Simple sentences:

A simple sentence has only one clause:

The children were laughing.
John wanted a new bicycle.
All the girls are learning English.

Compound sentences:

A compound sentence has two or more clauses:

(We stayed behind) and (finished the job)
(We stayed behind) and (finished the job), then (we went home)

The clauses in a compound sentence are joined by co-ordinating conjunctions:

John shouted and everybody waved.
We looked everywhere but we couldn’t find him.
They are coming by car so they should be here soon.

The common coordinating conjunctions are:

and – but – or – nor – so – then – yet

Complex sentences:

A complex sentence has a main clause and one or more adverbial clauses. Adverbial clauses usually come after the main clause:

Her father died when she was very young
Her father died (main clause)
when (subordinating conjunction)
she was very young (adverbial clause)

She had a difficult childhood because her father died when she was very young.
She had a difficult childhood (main clause)
because (subordinating conjunction)
her father died (adverbial clause)
when (subordinating conjunction)
she was very young (adverbial clause).

Some subordinate clauses can come in front of the main clause:

Although a few snakes are dangerous most of them are quite harmless
Although (subordinating conjunction)
some snakes are dangerous (adverbial clause)
most of them are harmless (main clause).

A sentence can contain both subordinate and coordinate clauses:

Although she has always lived in France, she speaks fluent English because her mother was American and her father was Nigerian
Although (subordinating conjunction)
she has always lived in France (adverbial clause),
she speaks fluent English (main clause)
because (subordinating conjunction)
her mother was American (adverbial clause)
and (coordinating conjunction)
her father was Nigerian (adverbial clause).

There are seven types of adverbial clauses:


  Common conjunctions
Contrast clauses  although; though; even though; while;
Reason clauses because; since; as
Place clauses where; wherever; everywhere
Purpose clauses so that; so; because + want
Result clauses so that; so … that; such … that
Time clauses when; before; after; since; while; as; as soon as; by the time; until
Conditional clauses  if; unless; provided (that); as long as

Complete the sentences with conjunctions.

Match conjunctions to functions.



Hi Kirk

Happy 2018. I have a few sentence structures for relative clauses. I am not sure if I fully understood the information on this website. Do you miind reviewing and letting me know if my interpretations are correct?: Thank you and I appreciate all of your help.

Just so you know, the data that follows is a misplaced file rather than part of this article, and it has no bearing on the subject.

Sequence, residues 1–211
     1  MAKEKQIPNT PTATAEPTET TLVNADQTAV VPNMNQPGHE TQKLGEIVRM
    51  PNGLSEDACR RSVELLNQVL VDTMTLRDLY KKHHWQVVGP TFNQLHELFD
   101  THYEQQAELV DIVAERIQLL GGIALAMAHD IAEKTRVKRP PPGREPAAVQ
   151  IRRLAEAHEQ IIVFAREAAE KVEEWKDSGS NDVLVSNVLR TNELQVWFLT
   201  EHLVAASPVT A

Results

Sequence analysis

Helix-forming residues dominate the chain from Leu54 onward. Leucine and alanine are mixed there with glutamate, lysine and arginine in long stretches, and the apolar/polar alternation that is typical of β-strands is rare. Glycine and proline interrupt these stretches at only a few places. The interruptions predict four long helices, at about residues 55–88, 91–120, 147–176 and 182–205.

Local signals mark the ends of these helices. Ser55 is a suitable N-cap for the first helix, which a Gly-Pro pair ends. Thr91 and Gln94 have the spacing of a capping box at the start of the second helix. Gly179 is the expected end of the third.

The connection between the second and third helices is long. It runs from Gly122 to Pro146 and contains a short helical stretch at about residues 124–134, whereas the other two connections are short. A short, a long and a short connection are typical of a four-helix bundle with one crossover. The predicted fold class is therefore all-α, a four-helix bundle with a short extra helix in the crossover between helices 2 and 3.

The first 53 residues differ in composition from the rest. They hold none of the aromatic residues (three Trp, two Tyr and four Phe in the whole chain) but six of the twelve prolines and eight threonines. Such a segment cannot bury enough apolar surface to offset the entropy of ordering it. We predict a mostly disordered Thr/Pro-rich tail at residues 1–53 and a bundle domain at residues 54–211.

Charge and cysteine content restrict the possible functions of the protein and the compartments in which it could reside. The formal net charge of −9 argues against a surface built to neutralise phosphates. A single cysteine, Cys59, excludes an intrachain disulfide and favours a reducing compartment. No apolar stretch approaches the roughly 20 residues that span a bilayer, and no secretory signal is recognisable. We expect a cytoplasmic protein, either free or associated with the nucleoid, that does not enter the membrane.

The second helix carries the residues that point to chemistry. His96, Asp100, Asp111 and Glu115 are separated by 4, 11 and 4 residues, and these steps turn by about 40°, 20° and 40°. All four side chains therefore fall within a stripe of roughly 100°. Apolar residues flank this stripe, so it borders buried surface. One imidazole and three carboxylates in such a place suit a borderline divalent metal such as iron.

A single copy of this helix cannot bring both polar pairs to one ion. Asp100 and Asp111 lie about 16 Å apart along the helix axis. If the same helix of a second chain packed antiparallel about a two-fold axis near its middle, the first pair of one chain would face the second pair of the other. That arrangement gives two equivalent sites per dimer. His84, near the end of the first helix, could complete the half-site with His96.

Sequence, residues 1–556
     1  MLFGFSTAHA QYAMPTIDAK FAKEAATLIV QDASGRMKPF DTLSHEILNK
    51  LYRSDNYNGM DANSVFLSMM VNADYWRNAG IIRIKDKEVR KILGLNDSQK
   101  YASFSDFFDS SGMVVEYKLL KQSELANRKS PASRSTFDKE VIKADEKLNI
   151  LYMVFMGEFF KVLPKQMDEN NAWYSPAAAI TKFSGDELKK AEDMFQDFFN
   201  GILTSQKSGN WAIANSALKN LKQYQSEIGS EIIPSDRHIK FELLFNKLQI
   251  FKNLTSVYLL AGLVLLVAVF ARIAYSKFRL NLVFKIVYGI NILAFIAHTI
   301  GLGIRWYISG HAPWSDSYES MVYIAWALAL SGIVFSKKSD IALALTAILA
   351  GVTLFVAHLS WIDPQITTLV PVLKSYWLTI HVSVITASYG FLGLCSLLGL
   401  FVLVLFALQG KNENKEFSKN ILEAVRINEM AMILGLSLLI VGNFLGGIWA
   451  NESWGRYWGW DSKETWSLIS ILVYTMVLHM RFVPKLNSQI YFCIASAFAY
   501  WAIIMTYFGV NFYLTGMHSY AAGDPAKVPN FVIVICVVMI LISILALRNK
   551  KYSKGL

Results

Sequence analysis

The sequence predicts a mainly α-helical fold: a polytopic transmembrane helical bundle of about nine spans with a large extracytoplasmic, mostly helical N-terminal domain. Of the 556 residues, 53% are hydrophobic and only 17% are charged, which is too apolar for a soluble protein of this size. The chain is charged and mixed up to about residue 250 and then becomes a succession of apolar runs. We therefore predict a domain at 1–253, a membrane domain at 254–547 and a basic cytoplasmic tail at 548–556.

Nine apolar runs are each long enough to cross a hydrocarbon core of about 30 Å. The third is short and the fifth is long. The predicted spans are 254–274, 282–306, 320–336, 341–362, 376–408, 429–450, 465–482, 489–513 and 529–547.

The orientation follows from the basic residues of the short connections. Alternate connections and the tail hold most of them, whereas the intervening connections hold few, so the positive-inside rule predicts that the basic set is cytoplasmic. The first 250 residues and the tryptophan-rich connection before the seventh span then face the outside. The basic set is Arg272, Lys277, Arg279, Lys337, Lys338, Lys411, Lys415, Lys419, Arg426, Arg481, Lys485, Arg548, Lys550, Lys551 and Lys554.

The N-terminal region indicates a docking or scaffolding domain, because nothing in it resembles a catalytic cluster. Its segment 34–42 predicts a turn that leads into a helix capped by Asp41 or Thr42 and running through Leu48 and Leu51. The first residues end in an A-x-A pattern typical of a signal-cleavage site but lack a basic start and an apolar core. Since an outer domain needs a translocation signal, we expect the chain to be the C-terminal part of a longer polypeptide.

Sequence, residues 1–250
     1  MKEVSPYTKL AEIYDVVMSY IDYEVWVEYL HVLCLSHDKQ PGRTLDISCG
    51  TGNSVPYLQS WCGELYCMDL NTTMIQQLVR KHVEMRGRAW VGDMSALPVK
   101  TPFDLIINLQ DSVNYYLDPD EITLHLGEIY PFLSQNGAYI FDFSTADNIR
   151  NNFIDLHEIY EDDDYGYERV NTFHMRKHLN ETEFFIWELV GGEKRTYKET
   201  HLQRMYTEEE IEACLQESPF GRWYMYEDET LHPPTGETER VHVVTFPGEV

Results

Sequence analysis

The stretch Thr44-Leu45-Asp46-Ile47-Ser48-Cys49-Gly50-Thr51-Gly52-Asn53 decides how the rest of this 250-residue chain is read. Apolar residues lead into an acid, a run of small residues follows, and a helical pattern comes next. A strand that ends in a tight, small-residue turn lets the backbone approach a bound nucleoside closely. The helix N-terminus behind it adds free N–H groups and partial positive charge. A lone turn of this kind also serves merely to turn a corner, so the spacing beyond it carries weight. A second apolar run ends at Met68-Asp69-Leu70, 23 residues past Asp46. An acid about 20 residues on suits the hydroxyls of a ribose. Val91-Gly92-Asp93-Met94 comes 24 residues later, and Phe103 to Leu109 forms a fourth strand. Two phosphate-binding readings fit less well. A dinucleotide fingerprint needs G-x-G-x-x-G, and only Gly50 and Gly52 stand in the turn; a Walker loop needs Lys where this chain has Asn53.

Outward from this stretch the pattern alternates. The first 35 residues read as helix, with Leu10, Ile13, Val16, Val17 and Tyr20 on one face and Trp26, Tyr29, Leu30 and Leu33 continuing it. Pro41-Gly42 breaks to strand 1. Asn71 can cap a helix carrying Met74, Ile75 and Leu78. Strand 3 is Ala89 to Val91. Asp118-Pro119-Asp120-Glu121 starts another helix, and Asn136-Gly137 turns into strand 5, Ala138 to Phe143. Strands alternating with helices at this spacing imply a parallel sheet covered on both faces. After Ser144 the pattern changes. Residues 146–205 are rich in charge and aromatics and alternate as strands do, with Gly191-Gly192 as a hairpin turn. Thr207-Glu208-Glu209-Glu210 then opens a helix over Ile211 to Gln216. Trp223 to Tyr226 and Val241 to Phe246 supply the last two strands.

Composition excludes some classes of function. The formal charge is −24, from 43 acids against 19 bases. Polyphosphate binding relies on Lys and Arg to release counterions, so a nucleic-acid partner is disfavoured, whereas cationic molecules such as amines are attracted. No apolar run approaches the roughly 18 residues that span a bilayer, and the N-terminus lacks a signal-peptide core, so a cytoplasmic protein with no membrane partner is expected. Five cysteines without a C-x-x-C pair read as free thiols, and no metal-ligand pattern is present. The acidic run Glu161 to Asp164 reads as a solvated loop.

1. “who/that” for people = The woman sold me the coat. The woman is the salesclerk.
The woman who/that sold me the coat is the salesclerk.
2.“where” for places = This is the restaurant. The restaurant has no electricity.
This is the restaurant where there is no electricity.
3.“which/that” for things = I bought a new car. The car is very fast.
I bought a new car which/that very fast.
4.“when” for time = I remember singing. I remember singing at 4 years old.
I remember singing when I was 4 years old.
5.“whose” for possession = There's a boy in grade 8. His father is a tennis player.
There's a boy in grade 8 whose father is a tennis player.

6. Can leave out who, which and that She is the salesclerk. I bought the coat from the salesclerk.
when, these words are not the She is the salesclerk I bought the coat from.
subject of the relative clause = She is the woman. I saw her yesterday.
She is the woman I saw yesterday.

7. clause after object of the sentence = She has a son. The son is a doctor.
(object becomes subject in 2nd clause) She has a son who/that is a doctor.
We bought a house. The house is 200 years old.
We bought a house which/that is 200 years old.

8. clause after the subject of the sentence = The man phoned me. The man is my brother.
(subject in both clauses) The man who/that phoned is my brother.
The camera costs £100. The camera is over there.
The camera who/that costs £100 is over there.

9.clause after the object = She loves chocolate. I bought her chocolate.
(object in both clauses) She loves the chocolate which/that I bought/She loves the chocolate I
We went to the village. Lucy recommended the village.
We went to the village which/that Lucy recommended. / We went to the
village Lucy